Wednesday, October 29, 2008

New & Confused

Landing back in the literary landscape of the mind takes some time, but things have continued to filter to me, and from me to the world, even while I have been either mentally or physically away.

Some of the projects that have arrived to delight me these past weeks and 2 months in Paris are:

I) NEW LIT REVIEWS TO READ exciting recent issues of reviews with tons of work by authors I knew or have discovered in The Denver Quarterly, Cutbank Review out of Montana and, in French, fresh from Marseille, issues of the Cahiers de Refuge.

II) BOOKS by OTHERS! What pleasure to have new books arrive, such as

***I just received the beautiful translation of Marie Etienne's work by Marilyn Hacker just out in a gorgeous (I kid you not! GORGEOUS) hardback edition from Farrar Straus & Giroux: King of a Hundred Horsemen. I imagine that Marie Etienne is psyched to have her first translations in English appear in book form with a publisher of such a long, respectible history of publication! But she, and Marilyn, in turn are doing a lot for FSG with this dual-language collection: a novel in verse. These narrative poems, numbered, sectioned by sorts of topics, are conversational and yet tightly written. They reveal what Marilyn rightly calls an "interpenetration of the quotidian and the foreign" "in a mosaic of shattered mirrors". I delight particularly in the voices, constantly shifting between what feels like a locatable "I" autobiographical speaker, and "personas" addressing moments, visions, and events the author herself could not have been privy to outside what she imagines, hears of, knows, feels has happened. The imagined and the personal become one in this delightfully intimate and yet historical collection.

***The new bilingual (French & English) collection written simultaneously in both languages by young American author Alexander Dickow, Caramboles, (Argol Editions, 2008) also arrived on my doorstep this past month! Playfully unstitching elements of both languages and their syntax, this was a fun book and author to discover. It promises greater explorations while introducing me to a first collection which is formally & linguistically provocative. I look forward to hearing him read for the first time later this year!

***TRI / VIA (Erudite Fangs/PUB LUSH Press, 2003, pictured at left) by Michelle Naka Pierce and Veronica Corpuz. No, not a new publication, but new to my household! I received this gift among a series of other great books (Bhanu Kapil's Incubation: A space for Monsters from Leon Works Press and Kass Fleisher's The Adventurous from Factory School) from Laura Mullen. Could anyone hope for a better "welcome back home gift basket"? These are what I found when returning from Santiago de Compostelle, and TRI/VIA has provided me an entry back into my own writing of late--the fantastic open-endedness of the letter form, the communicative reaching out to other that it instills, especially when it is being practiced by two so skilled authors as Michelle Naka Pierce and Veronica Corpuz. But I also admire the way these poems interweave mathematical language with that of emotional longing and daily life. A fabulous exploration of form and dialogue! Don't take my word for it, go read it, or read the fab short review of it by Jeremy Biles online at EPR.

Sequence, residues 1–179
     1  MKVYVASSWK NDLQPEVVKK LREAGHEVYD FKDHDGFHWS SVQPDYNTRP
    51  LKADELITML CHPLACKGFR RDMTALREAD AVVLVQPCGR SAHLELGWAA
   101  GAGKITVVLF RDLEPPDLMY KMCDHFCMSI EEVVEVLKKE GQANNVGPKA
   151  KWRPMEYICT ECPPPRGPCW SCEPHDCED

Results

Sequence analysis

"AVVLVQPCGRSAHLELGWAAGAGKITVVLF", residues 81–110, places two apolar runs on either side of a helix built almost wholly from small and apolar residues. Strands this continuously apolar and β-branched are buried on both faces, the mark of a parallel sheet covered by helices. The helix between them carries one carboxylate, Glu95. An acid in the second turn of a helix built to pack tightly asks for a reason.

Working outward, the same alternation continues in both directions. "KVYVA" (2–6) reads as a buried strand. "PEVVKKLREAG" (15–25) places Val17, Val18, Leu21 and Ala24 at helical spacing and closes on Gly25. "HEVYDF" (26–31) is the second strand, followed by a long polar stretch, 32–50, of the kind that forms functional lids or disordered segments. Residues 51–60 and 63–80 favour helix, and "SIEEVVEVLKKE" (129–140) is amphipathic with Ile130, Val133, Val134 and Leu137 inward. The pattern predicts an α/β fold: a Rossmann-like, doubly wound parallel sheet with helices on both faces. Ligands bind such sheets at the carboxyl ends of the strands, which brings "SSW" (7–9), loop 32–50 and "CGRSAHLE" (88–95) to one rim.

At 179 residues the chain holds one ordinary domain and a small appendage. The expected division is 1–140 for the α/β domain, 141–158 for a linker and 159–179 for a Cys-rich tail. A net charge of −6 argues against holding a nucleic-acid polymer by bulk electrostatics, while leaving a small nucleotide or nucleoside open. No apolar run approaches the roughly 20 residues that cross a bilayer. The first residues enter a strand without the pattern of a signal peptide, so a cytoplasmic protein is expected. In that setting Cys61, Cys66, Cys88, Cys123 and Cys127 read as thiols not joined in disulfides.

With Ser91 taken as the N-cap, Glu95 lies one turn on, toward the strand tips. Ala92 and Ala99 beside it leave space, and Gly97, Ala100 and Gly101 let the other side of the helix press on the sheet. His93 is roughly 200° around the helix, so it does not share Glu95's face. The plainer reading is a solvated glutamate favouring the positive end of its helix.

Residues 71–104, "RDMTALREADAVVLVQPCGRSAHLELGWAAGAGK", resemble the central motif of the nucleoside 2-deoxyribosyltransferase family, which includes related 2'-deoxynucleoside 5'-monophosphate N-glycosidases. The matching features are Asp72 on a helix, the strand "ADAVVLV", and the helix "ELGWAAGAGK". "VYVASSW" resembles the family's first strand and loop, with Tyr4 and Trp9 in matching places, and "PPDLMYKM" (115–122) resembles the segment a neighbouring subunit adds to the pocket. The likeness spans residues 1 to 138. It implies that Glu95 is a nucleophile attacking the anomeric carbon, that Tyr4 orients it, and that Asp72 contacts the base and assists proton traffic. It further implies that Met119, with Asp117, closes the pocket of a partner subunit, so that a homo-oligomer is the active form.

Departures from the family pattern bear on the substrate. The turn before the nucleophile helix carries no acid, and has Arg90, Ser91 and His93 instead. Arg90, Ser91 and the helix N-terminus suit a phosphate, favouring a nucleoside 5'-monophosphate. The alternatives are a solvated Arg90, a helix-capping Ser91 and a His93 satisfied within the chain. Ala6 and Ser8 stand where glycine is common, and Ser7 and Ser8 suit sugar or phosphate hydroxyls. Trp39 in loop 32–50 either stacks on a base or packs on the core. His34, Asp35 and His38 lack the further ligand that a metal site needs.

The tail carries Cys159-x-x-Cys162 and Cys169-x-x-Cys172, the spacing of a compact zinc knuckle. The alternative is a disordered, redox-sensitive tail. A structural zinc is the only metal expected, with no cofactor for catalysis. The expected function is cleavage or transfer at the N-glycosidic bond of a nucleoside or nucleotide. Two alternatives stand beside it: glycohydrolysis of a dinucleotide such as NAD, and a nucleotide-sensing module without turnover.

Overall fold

FINALLY: a little self promotion, or rather, promotion of others who have helped my own works of various sorts get into the world of late!!! Yes, my translations are starting to hit the streets, and so I am happy to announce the following publications with them:

***My translations of Albane Gellé's poems (photo of author at left from came out in the most recent issue of CONDUIT magazine, edited by William D Waltz. To order your very own copy of the Last Laugh issue, "black humor in deadpan alley" go directly to their site at I was particularly excited to read my translations smack dab next to a poet I adore, Greg Bachar, out their composing away his sharp-as-tack prose poems in Seattle, WA. Why doesn't everyone whose work I love just move to Paris?--that is what I wonder!

***Translations that Barbara Beck, Rufo Quintavalle & I completed in June of Christophe Lamiot Enos poems are online at the new Centre 104 review, now at For those of you living in Paris, yes, this is a review linked to the new arts center that advertised, well, EVERYWHERE last month for its Oct opening--so packed they physically shut down the place. It is worth visiting to see photo shows, art installations, etc. Watch their sites for events and readings as well. An explanation of their review is at: I dig the photo here at the right by Pascal Dhennequin from le 104 under construction. I hope he'll forgive my putting it up on the blog, but it is a great pic!!!!

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